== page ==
Headline News

Join our mailing list to receive a weekly transportation news round-up, plus Berkeley Transportation Quarterly, our research news publication.
  • BART directors agreed Thursday to spend $225,000 to hire consultants to figure out how to prevent the type of problems that bedeviled its last labor contract negotiations.

    Contra Costa Times
  • Q: Are you freaking kidding me right now? They just made Dixon Landing Road one lane each way until December as they work on the BART extension. They couldn't wait to finish Warren Avenue first? Why do they hate us and want us to have miserable commutes in every possible direction?

    Mercury News
  • The family of a 6-year-old girl killed at an East Palo Alto crosswalk in 2011 will receive $125,000 under a lawsuit settlement reached with the city...A UC-Berkeley pedestrian safety study the city commissioned a year earlier found that the Bay Road/Gloria Way intersection where the fatal accident occurred is one of East Palo Alto's most dangerous.

    Mercury News
  • zztechiebus.jpg

    ...Although this fight is really about gentrification, somewhere along the way the shuttles' environmental footprint became a battleground...Passionate as each side may be, neither has offered much in the way of evidence. So here are a few facts to inform a debate that has generated a lot more heat than light...

    Mother Jones
  • A drunken driver who killed a girl crossing Sloat Boulevard in San Francisco on her 17th birthday was sentenced Monday to six months in jail. Kieran Brewer, 29, pleaded guilty to felony charges of vehicular manslaughter, driving under the influence and driving with a blood-alcohol content higher than the legal limit in the March 2, 2013, death of Hanren Chang.

    SF Chronicle
  • A350airbus.jpg

     ...The A350 XWB is Airbus’ answer to the Boeing 787, complete with carbon fiber fuselage and wings–a first for a passenger jet. And to avoid the issues that have plagued the Dreamliner, Airbus is in the process of testing four prototype A380 “eXtra-wide” planes. And part of that testing involves the just-revealed interior.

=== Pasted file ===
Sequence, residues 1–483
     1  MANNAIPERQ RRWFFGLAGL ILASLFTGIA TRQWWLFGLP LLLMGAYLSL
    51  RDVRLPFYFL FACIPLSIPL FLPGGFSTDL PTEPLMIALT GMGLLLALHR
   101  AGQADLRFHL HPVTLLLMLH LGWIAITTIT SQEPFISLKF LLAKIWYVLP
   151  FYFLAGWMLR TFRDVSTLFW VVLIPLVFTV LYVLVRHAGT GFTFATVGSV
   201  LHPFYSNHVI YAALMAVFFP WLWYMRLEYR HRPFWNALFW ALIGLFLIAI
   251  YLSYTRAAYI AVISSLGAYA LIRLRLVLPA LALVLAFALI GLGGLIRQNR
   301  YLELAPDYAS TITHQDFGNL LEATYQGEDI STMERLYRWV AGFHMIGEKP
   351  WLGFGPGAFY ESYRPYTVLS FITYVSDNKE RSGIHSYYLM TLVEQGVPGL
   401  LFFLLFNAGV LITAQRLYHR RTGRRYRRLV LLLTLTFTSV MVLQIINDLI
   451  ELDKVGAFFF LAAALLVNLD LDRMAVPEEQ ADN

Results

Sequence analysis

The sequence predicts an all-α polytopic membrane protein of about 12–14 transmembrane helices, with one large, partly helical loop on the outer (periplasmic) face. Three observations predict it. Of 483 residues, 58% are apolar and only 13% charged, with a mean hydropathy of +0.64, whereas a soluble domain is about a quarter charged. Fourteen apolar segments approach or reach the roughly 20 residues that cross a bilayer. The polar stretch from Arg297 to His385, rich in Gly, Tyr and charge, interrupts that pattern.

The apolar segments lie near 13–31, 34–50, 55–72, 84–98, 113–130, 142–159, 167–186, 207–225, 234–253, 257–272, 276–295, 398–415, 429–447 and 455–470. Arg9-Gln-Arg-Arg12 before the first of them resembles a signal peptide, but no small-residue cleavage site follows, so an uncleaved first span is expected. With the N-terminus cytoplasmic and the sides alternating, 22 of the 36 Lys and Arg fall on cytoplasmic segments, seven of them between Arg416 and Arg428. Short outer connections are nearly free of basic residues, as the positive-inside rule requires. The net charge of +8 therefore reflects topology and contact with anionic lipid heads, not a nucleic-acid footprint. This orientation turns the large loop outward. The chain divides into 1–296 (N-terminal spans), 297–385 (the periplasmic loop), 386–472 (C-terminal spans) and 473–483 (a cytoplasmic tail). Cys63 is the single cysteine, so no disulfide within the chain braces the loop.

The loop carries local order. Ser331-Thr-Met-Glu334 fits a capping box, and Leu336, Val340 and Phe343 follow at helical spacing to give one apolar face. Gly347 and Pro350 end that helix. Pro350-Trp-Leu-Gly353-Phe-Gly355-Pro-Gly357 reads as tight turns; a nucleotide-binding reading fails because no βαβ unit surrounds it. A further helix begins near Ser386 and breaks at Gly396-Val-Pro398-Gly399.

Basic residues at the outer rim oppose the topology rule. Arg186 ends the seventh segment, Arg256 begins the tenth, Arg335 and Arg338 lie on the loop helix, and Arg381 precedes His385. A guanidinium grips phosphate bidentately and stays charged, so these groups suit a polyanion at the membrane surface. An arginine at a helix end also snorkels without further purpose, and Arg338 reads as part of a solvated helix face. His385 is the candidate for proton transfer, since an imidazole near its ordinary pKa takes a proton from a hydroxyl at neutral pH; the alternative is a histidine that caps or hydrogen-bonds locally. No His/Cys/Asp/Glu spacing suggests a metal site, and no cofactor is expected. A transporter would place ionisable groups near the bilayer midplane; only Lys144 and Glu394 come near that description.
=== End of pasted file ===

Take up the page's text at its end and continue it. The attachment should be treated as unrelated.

Wired
  • Low levels of the hormone cortisol may identify teen drivers with a high likelihood of getting into car accidents, suggests a small new study. Newly-licensed teens who produced high cortisol under stress were less likely to be involved in a crash or a near-crash, the researchers found. Measuring cortisol might make a good test to flag young drivers in need of extra safety training, they conclude.

    Reuters
  • zzTie.jpeg

    A fleet-footed pooch is lucky to be alive after racing a commuter train in New York City from the Bronx into Manhattan. The New York Post reports (http://bit.ly/1itSK5u ) that the dog ran alongside the Metro-North train on a parallel track Tuesday.

    AP/Sacramento Bee
  • A new tool to help local governments and regional planners evaluate the impact of policy-relevant variables on vehicle miles traveled — taking into account the unique attributes of each community — is available online, the California Air Resources Board announced today.  This tool offers look-up tables that provide neighborhood-scale VMT elasticities and marginal effects associated with changes in land use and transportation variables for city, county and regional geographic areas.

    California Air Resources Board
  • Laboratory chamber walls have been stealing vapors, causing researchers to underestimate the formation of secondary organic aerosol in the atmosphere. A study published April 7 in PNAS Online Early Edition describes how a team of scientists, including researchers from the University of California, Davis, showed that vapor losses to the walls of laboratory chambers can suppress the formation of secondary organic aerosol, which in turn has contributed to the underprediction of SOA in climate and air quality models.

    UC Davis News